Following is an excerpt from a report on the roundtable discussion hosted by the Clayton Yeutter Institute of International Trade and Finance at the University of Nebraska-Lincoln on March 2, 2023.
The United States has not been engaging in traditional free trade agreements with tariff elimination or reduction for the past few years. Other countries like the EU, Canada, Japan, and Australia have been, though, and this often leaves U.S. exporters at a relative disadvantage.
Notwithstanding, market access is not all about tariffs, especially in agriculture. Technical regulations and SPS barriers can be as restrictive and costly as a tariff.
The WTO SPS Agreement provides a baseline. All WTO members signed on to the WTO SPS Agreement, which encourages governments to establish national SPS measures consistent with international standards, guidelines, and recommendations, and based on science and risk assessments. SPS provisions are important because they incorporate the science and risk analysis provisions. The agreement has withstood the test of time and continues to provide a sound and viable framework for all countries regardless of developing country status. Roundtable participants also agreed that future trade agreements should address new and emerging issues, including as the science advances on the benefits of biotechnology.
USMCA is the first U.S. trade agreement to include agricultural biotechnology provisions (whereas TPP and its successor agreement, the CPTPP, did not). The SPS and biotech provisions in USMCA, and even the U.S.-China Phase One agreement, are examples of how to incorporate modern agriculture issues in new ways that are consistent with the WTO SPS Agreement. Note that it is the SPS provisions of USMCA that USTR is currently disputing with Mexico on corn.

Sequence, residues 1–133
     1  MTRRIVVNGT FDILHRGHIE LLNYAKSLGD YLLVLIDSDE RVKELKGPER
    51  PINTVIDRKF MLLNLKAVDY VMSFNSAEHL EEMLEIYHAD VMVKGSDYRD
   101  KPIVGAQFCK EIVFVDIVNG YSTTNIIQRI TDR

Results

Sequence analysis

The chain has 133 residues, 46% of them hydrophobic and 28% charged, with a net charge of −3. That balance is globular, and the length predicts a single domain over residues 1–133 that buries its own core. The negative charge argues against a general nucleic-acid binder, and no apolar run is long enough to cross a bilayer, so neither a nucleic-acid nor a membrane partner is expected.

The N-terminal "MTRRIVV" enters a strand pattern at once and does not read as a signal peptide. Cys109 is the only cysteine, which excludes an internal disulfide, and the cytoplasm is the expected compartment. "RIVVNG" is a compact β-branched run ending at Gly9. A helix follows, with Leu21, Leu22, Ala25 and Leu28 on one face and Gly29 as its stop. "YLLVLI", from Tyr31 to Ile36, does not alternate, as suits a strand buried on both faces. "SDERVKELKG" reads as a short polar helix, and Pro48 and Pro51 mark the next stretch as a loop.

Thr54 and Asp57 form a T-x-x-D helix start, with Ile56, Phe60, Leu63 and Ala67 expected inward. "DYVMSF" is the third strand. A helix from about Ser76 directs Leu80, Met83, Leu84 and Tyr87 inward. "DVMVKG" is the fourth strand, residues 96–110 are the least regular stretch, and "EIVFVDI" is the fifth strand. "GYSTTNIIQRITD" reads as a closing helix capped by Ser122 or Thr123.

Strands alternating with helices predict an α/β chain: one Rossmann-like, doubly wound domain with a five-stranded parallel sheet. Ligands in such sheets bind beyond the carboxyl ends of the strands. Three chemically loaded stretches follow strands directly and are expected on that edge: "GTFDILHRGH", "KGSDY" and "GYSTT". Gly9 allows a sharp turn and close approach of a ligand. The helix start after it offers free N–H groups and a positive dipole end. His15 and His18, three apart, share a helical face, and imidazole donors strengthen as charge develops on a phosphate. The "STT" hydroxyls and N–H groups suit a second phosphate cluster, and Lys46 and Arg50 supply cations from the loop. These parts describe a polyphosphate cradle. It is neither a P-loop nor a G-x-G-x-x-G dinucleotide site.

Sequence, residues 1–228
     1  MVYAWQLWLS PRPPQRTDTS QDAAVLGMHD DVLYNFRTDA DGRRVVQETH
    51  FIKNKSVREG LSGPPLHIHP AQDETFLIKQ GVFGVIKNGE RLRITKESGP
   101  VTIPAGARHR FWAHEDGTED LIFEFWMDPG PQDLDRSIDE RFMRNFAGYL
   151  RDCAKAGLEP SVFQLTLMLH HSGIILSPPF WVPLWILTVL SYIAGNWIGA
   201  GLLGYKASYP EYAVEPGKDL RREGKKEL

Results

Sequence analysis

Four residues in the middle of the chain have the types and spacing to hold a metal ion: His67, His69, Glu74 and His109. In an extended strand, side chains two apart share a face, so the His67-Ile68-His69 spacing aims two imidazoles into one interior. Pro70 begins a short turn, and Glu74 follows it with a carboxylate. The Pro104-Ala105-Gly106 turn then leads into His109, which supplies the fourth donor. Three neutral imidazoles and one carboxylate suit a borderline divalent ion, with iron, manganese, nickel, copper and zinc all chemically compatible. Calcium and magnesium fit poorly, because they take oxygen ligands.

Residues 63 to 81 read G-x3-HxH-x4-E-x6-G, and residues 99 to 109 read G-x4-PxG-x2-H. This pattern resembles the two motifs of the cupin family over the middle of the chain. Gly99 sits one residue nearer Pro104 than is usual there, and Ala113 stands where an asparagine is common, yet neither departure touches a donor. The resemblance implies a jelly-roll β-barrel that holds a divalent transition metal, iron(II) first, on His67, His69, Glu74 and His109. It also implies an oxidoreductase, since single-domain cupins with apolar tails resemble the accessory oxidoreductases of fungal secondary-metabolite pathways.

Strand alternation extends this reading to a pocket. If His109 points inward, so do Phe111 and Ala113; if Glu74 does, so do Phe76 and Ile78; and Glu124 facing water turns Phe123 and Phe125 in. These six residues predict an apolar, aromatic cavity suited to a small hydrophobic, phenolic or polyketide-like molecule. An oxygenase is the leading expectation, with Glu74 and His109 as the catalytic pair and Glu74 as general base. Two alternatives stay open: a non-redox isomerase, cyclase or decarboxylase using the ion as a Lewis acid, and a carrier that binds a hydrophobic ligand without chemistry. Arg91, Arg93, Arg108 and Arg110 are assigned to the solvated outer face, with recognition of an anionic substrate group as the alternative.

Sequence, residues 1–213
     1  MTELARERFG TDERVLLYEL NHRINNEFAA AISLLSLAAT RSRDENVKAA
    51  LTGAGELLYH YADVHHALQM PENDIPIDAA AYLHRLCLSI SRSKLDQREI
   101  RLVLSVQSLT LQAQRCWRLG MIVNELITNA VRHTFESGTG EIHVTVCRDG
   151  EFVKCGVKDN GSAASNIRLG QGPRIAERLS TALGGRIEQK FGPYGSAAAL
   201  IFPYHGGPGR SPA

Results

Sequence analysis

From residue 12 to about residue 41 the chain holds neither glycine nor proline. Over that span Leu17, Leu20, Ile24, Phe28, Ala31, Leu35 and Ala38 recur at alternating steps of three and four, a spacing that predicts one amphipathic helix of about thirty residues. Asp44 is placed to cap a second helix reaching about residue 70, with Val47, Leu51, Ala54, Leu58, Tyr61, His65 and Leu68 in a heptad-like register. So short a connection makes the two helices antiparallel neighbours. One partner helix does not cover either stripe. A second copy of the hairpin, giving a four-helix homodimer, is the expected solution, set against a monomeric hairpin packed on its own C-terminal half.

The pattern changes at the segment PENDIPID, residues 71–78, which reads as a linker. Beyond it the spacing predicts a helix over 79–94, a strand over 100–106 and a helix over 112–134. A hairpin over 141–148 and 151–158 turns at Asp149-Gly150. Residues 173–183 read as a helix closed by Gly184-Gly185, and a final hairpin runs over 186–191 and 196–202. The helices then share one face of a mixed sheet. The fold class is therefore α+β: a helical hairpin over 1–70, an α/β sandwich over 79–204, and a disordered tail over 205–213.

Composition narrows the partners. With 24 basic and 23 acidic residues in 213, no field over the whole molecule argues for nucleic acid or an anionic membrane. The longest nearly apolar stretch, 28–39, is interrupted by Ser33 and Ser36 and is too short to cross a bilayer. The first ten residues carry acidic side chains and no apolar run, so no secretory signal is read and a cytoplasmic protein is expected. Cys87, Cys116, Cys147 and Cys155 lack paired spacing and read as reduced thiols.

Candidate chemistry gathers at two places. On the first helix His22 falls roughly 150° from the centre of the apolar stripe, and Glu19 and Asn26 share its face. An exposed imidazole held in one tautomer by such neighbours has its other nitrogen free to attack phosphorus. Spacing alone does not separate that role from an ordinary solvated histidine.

Developing countries don’t always have the infrastructure to test or approve biotech products, and some countries have indicated that they will approve a new product only after five other countries have done so. More consistency or at least compatibility in the gene editing regulatory space would facilitate trade.
Europe still maintains relatively strict regulations on biotechnology that can hinder advancements. Participants noted that U.S. and EU officials meet semiannually for U.S.-EU biotech consultations, but some questioned the usefulness of these talks. The days of FTAs are not necessarily over forever, but in agriculture we need transparency and science-based regulatory approaches as much as we need traditional market access. So, to the extent an FTA is not possible with a particular country or region, then our negotiators can shift the negotiations toward these other key areas and move forward with advocating for transparent, science-based regulatory processes. This is especially advantageous for developing countries that face a more acute need to improve their own productivity to feed their people.